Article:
stage venture capital. Somogyi, who is still considering his post-Darden
options, said that regardless of his landing spot, the DCM experience had
trained him how to think in ways previously unknown to him.
“Darden trains students to handle ambiguity. No one is handing
you a case with 10 exhibits that are ready to go. You have to make it
yourself,” Somogyi said. “Digesting an infinite amount of information to make
investment decisions is an invaluable skill that DCM develops.”
Both Somogyi and Franco paint a direct correlation between
Darden’s curriculum and success in DCM, with Somogyi crediting courses in
ethics, finance and particularly strategy in aiding his DCM success.
club members use skills from marketing, decision analysis and even management
communication as they move from researching to pitching a potential investment.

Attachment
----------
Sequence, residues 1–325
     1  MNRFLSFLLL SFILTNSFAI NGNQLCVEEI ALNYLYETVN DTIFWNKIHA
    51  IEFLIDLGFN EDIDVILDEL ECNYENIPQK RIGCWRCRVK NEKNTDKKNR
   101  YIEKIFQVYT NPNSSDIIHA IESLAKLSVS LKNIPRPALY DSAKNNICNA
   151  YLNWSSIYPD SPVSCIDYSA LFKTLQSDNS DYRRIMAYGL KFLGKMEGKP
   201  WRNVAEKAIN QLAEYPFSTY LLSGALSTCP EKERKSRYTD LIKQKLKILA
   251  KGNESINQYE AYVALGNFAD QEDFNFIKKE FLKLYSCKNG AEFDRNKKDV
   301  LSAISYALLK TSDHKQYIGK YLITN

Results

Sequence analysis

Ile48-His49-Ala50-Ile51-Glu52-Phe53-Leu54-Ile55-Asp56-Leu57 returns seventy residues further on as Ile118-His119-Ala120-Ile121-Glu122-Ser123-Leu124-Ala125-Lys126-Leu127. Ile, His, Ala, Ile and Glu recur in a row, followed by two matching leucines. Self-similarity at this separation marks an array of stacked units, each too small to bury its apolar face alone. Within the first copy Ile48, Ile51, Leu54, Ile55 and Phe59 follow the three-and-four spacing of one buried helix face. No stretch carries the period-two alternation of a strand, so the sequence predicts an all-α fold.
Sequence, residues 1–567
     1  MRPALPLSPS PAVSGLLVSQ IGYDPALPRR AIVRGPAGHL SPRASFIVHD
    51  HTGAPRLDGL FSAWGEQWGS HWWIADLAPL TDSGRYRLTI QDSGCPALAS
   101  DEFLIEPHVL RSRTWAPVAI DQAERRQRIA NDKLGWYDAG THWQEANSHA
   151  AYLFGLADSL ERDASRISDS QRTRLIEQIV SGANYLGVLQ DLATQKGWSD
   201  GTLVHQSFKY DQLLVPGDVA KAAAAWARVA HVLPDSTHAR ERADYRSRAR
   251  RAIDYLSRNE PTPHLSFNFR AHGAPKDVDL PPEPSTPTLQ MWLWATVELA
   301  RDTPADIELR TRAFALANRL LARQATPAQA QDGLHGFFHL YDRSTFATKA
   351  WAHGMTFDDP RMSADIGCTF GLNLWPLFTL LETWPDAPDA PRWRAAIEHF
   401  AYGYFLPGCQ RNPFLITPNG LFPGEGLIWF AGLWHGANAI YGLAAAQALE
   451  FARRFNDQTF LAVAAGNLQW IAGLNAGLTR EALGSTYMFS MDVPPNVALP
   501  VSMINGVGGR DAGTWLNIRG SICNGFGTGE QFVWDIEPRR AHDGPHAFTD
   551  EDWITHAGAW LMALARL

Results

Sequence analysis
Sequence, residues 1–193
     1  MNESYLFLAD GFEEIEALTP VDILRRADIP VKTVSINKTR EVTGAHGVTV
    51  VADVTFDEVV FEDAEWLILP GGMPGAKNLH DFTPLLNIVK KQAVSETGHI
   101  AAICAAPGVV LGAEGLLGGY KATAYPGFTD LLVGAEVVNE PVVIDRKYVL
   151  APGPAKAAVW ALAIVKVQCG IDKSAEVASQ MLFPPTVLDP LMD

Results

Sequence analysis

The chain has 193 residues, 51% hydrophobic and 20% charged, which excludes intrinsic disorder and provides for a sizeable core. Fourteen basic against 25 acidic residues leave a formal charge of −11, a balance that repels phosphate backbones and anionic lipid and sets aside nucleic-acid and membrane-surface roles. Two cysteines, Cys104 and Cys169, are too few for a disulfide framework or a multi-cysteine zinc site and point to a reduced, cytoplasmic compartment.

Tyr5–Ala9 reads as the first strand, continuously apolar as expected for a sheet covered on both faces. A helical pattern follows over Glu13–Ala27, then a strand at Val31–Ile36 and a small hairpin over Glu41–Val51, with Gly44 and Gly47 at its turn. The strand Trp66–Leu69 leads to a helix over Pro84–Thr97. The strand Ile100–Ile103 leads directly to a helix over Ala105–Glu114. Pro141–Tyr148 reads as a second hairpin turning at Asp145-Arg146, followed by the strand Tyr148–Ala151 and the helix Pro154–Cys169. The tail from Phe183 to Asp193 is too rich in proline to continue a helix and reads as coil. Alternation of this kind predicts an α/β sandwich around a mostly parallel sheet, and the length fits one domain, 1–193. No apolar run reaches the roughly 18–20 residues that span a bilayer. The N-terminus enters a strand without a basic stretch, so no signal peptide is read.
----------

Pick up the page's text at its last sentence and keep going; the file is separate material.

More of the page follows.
a system that has shown outsized returns for nearly three decades, and
continues to plot a winning path.
Investment Officer Jonathan Grushkin (Class of 2017) says DCM doesn’t provide
specific return figures, but notes that the group outperformed global equity
markets in 2016, “generating substantial profits for the School’s endowment.”
The University of Virginia Darden School of Business
delivers the world’s best
business education experience to prepare
entrepreneurial, global and responsible leaders through its MBA, Ph.D. and
Executive Education programs. Darden’s top-ranked faculty is renowned for
teaching excellence and advances practical business knowledge through research.
Darden was established in 1955 at the University of Virginia, a top public
university founded by Thomas Jefferson in 1819 in Charlottesville, Virginia.
Sophie ZunzDirector of Media RelationsDarden School of BusinessUniversity of VirginiaZunzS@darden.virginia.edu+1-434-924-7502